Is Money the Key Motivation for Employee Engagement and Retention?
A business owner recently told me with complete certainty that money was the only factor that kept his employees motivated and from jumping ship to another company.
From his perspective, he’s absolutely right, but his tone and hand motions suggested that he wasn’t at all happy with the situation.
The science behind the curtain
In the past 10 or so years scientists, researchers, and economists have combined forces to form a new branch of study they call Neuroeconomics. Neuroeconomincs combines the studies of neurology (the brain), psychology, and economics. Their goal is to form a unified theory about how and why humans make decisions.
They’ve learned that we are far from logical creatures and decisions are a balance of emotion and reason. Decisions are made nine or 10 seconds before we become consciously aware of the decision. These decisions are pre-determined from our past experiences, social or environmental factors, and other present-day stimuli.
The science put into context
To put this into context, imagine an employee hired to develop a new product. The job is challenging and has many intrinsic rewards. His initial decision to take the job at a reasonable, but not spectacular pay level was primarily based on the hiring manager’s enthusiasm for the new employee’s skills and knowledge. Simply put, the praise felt good.
Six months later the hiring manager took a new job and the new manager was mostly hands-off. Praise, if it came at all, was just used to soften criticisms.
Our employee is now disgruntled and decides that he’s not being paid enough for the work he’s doing.
The root of the problem
The root if this employee’s dissatisfaction is simply that he no longer feels valued for his skills and knowledge. He has become a cog in the wheel and nothing more. This is a direct result of weak leadership and management.
That’s one employee. What if an entire group of employees seems only motivated by money?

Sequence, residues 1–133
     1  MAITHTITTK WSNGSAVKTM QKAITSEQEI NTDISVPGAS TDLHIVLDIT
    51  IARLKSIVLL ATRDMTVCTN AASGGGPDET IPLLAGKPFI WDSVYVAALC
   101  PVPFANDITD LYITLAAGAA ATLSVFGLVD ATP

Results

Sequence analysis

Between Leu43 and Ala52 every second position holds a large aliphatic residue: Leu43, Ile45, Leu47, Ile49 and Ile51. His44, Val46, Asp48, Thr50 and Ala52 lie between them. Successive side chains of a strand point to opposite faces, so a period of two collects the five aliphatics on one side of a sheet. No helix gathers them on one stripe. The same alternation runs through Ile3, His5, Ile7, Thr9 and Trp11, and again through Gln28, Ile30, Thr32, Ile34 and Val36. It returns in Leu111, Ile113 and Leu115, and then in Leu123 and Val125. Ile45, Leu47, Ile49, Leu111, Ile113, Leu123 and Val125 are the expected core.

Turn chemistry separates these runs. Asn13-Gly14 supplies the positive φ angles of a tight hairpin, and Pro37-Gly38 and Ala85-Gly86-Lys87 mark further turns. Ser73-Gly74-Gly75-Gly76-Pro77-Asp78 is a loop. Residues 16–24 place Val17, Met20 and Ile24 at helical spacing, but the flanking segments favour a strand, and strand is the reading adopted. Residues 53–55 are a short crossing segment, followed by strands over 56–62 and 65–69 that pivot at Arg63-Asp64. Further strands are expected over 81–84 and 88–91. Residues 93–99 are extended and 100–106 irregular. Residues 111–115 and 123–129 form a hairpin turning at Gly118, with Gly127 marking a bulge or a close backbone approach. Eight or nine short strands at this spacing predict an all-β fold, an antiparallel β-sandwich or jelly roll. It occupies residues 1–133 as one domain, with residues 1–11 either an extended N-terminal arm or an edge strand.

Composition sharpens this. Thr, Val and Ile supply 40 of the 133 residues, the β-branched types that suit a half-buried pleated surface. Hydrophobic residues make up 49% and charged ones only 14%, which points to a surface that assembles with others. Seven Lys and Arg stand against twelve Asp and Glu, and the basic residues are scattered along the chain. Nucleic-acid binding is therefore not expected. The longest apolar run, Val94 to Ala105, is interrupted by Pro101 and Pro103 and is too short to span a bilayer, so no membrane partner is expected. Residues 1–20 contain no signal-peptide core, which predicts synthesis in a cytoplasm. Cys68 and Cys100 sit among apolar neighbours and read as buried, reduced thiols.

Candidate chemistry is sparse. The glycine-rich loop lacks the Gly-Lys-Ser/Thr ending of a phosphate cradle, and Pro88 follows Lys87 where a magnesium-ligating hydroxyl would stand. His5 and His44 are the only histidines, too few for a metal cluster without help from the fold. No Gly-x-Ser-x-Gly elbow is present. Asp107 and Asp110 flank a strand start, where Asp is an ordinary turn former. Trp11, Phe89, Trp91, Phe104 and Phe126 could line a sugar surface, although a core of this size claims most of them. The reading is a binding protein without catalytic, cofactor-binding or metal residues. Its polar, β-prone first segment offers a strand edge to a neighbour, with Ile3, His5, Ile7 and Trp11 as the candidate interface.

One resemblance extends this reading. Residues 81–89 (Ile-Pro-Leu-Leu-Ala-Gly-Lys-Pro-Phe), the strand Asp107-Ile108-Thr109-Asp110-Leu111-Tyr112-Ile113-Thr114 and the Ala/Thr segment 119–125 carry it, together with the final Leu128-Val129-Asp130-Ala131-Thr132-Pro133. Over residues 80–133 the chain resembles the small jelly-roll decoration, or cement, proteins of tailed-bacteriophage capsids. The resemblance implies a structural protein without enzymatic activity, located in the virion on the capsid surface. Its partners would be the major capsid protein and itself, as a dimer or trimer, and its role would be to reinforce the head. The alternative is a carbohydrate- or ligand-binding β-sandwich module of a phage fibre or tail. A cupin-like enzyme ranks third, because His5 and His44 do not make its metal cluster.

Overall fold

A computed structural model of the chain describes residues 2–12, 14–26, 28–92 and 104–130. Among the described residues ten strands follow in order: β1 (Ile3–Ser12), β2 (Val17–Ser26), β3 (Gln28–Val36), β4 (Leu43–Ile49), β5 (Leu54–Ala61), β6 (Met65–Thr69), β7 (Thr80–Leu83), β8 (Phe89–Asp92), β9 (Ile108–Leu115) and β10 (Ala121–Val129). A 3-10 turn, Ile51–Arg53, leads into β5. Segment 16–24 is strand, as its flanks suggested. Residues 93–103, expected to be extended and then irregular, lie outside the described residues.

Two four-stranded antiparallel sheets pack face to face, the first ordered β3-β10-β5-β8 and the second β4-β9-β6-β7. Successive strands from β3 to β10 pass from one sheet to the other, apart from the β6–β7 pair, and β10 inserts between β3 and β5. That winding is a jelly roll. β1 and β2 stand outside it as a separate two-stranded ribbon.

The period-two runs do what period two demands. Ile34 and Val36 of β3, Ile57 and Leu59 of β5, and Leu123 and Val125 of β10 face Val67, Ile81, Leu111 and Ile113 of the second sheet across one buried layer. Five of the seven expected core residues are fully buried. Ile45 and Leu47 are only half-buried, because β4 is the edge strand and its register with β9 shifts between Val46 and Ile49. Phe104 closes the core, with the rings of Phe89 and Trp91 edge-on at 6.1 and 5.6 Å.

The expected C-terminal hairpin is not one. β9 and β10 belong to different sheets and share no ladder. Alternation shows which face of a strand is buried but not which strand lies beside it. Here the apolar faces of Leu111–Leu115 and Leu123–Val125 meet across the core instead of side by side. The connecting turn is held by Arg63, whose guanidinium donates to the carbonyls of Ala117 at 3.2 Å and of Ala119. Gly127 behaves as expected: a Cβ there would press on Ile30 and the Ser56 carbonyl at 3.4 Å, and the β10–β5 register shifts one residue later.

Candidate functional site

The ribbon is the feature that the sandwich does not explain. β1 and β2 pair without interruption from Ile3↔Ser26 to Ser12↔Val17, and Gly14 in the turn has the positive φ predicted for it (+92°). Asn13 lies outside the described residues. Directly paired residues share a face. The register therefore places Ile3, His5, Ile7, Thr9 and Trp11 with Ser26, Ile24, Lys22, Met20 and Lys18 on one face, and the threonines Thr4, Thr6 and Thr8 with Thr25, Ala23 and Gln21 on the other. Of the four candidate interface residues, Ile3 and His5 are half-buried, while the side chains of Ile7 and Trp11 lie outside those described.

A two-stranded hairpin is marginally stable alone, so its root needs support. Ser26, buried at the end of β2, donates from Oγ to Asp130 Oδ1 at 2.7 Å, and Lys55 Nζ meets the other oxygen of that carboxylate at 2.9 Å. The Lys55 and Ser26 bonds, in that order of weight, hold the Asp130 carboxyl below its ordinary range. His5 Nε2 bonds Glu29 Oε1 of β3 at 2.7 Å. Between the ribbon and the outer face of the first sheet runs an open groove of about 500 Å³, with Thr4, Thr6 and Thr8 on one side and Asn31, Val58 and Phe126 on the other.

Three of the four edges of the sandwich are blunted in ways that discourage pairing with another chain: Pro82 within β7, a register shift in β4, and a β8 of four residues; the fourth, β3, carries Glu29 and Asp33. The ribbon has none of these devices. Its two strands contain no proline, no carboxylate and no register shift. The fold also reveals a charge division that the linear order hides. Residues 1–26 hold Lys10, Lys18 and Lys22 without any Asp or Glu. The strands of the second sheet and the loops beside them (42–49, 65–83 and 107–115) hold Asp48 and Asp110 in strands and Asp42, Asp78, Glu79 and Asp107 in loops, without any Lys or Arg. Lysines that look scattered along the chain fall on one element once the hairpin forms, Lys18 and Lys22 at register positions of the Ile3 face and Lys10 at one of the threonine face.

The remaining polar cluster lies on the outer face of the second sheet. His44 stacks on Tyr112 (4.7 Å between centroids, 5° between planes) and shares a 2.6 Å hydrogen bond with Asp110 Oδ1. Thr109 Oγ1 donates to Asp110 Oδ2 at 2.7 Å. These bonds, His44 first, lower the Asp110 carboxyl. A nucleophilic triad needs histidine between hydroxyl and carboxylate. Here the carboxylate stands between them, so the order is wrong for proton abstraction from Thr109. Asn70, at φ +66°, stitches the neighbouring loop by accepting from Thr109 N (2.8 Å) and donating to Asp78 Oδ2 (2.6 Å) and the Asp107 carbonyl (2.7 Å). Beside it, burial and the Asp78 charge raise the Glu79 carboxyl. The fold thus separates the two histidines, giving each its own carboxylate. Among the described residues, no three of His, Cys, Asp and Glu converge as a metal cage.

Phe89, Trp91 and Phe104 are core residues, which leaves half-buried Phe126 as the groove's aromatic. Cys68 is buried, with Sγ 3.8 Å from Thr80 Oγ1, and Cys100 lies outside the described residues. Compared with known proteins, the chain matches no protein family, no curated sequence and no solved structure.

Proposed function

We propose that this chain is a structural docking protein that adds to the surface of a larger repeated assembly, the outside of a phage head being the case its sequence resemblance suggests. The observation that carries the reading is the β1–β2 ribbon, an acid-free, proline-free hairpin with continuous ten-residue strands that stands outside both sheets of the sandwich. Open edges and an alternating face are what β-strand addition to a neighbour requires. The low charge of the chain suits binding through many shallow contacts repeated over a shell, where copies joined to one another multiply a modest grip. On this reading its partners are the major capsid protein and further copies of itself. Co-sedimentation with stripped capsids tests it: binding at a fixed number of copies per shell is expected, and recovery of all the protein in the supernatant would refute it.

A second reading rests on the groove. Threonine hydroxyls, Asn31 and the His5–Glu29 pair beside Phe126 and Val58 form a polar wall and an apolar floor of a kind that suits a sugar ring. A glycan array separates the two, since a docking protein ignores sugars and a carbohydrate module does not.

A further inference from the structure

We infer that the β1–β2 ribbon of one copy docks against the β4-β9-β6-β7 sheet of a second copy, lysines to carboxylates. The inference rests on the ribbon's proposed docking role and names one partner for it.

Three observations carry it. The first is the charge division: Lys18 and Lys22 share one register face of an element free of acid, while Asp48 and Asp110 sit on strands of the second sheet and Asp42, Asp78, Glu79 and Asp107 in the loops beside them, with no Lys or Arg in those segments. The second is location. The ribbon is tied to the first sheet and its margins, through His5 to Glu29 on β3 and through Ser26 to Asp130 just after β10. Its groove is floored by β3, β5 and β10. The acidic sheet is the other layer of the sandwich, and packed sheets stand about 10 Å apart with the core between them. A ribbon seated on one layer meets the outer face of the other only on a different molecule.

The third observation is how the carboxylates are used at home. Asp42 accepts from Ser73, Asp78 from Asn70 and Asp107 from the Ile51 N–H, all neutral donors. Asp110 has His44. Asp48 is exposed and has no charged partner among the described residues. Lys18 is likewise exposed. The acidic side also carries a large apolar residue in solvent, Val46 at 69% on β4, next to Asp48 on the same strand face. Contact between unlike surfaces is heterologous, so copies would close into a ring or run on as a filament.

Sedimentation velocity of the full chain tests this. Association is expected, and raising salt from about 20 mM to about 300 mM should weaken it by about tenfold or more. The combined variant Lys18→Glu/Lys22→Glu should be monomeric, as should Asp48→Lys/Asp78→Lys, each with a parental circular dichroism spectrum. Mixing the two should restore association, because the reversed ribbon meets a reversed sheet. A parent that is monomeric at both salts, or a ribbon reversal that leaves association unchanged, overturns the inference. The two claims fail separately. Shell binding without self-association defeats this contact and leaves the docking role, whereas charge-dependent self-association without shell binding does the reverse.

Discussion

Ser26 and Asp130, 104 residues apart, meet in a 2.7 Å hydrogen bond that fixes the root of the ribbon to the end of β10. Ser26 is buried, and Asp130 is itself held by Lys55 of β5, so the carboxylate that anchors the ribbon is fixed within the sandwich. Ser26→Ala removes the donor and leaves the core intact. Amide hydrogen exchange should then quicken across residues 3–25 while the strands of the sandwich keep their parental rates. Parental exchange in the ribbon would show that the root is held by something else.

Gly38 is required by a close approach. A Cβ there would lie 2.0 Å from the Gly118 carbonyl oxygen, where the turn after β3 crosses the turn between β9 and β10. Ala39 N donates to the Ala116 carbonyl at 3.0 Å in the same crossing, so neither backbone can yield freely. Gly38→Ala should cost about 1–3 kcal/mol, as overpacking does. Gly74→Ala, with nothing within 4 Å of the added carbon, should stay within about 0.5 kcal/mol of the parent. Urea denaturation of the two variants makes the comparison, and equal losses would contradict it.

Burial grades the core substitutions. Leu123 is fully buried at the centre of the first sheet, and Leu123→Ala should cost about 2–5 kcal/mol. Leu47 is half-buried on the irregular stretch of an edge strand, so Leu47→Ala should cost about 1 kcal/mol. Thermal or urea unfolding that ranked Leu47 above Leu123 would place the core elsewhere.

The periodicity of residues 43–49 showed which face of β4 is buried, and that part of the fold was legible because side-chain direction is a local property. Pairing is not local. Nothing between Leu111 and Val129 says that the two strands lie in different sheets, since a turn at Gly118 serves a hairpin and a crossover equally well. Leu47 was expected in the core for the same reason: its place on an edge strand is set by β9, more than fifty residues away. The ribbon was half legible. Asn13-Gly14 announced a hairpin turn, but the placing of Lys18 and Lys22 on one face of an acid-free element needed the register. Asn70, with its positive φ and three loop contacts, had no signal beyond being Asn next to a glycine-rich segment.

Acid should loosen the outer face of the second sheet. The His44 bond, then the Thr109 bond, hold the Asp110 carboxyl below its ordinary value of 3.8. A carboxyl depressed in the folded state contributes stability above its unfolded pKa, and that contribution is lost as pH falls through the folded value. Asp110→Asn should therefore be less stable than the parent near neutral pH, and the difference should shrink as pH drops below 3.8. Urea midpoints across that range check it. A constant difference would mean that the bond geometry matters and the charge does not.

Here, we need to add in the social factor. While the root cause may still be weak leadership and management, the general attitude spreads and increases through social influences – going along with the crowd.
Employee engagement and satisfaction are influenced by a variety of factors, just one of which is money.
When one employee feels unfairly treated:
- Ask if the employee is right for your company (shares your values).
- Ask if the employee is right for the job (gets it, wants it, and has the capacity to do it).
- Only then, look at that employee’s leaders, starting from the top. Are they actively sharing the vision? Are the job’s responsibilities crystal clear? Do leaders know the difference between leadership and management and have the training and skills to do each?
When many employees feel unfairly treated, always look first to the leaders, starting from the top:
- Clarify, simplify, and share your company’s vision quarterly.
- Lead: provide clear direction; act with the greater good in mind; delegate and elevate.
- Manage: set clear expectations; communicate well; meet regularly; reward and recognize.
While money is a motivating factor, the lack of money is rarely the root cause of employee engagement, performance, or satisfaction. More money will not improve performance, and may only briefly bring some satisfaction.
There are things that company leadership can do… not TO employees, but rather FOR employees.
“As goes the leadership team, so goes the rest of the company.”